Jeremy Likness
Jeremy Likness
Empowering developers to be their best.
📅 Dec 25, 2020 🕘 6 min read 💬 1272 words

2020: The Year of Data

A new role with the same vision

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I’ve always been happy to share that I embrace change and take on new challenges every year. I started the tradition of celebrating the year and looking back at highlights in a 2015 blog post. This year I will continue that tradition. Despite the challenges and struggles of 2020 I am hopeful for the future and optimistic about the changes to come. Last year also impacted me in personal ways that inspired me to launch a separate blog.

For my post summarizing 2019, I began by sharing statistics about the exotic locations I traveled to and reflecting on 25 years of professional development. This year, due to the pandemic, the theme was exploring the Pacific Northwest. I also made a major career move early in 2020 and wrote about my new role as Senior Program Manager for .NET Data. That checked one of my major goals for 2020. My mission for several years has been:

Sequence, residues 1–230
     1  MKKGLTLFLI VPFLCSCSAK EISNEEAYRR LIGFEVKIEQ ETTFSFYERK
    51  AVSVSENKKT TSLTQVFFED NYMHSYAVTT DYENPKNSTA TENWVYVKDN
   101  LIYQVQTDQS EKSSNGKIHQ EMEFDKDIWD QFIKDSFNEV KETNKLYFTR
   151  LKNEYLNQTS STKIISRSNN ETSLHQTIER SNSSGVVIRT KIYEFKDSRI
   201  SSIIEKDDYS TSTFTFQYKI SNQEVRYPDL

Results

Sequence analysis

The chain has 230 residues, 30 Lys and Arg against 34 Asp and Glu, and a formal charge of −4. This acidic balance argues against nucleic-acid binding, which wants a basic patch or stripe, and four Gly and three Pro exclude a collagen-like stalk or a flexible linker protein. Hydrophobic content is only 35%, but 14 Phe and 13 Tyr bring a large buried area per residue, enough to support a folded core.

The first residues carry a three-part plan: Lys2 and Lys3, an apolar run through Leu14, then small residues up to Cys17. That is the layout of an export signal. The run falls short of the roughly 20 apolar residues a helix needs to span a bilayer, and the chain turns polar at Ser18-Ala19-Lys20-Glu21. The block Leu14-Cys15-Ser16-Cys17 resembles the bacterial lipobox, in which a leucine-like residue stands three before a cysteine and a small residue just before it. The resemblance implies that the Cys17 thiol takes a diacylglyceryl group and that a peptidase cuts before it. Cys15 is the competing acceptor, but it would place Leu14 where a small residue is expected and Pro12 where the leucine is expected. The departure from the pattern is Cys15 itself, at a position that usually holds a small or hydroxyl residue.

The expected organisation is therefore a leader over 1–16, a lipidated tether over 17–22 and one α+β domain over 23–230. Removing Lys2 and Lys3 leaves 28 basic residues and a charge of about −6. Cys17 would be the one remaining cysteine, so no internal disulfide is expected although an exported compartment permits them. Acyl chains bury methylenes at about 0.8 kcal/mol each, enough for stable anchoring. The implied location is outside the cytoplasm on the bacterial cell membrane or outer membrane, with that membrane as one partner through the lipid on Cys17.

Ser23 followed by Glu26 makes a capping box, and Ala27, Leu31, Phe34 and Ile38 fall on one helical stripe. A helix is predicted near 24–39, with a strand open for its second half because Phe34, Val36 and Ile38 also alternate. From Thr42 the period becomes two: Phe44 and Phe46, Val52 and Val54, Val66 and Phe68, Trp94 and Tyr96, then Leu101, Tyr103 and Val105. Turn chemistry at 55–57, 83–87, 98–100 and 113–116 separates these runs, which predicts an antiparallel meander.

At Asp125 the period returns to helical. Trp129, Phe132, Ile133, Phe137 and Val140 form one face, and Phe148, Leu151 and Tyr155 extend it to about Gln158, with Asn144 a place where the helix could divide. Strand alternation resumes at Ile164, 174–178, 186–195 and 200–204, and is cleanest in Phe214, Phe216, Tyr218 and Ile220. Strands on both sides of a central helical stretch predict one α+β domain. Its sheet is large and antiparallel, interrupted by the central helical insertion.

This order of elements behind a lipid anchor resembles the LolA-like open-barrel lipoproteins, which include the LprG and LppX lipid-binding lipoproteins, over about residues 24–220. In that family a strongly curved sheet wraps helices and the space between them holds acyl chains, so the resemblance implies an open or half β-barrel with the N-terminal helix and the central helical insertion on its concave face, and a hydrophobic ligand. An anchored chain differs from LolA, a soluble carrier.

Empower developers to be their best.

As a program manager I continue that mission by helping steer the direction of products to address the greatest needs of the developer community.

My other goals were mostly personal, and I reflect on those and share my personal journey in a separate blog post: 2020 Couldn’t Shake Me.

My Goals for 2021

I have many goals for 2021 and shared my personal ones my other blog. These are my technology-related goals for 2021.

  • Continue to advance my career at Microsoft. My goal is to become a principal program manager.
  • Resume my news feed of daily relevant updates shared on social media.
  • Help the EF Core team release EF Core 6.0.
  • Raise awareness and increase adoption of .NET for Apache Spark.
  • Understand and implement what’s needed to make a great GraphQL story for .NET developers.
  • Support local user groups around the world through virtual presentations.

Open Source

I had more open source contributions in 2020 than 2019, which was also more activity than 2018 and 2017.

GitHub 2019 Activity GitHub contributions in 2020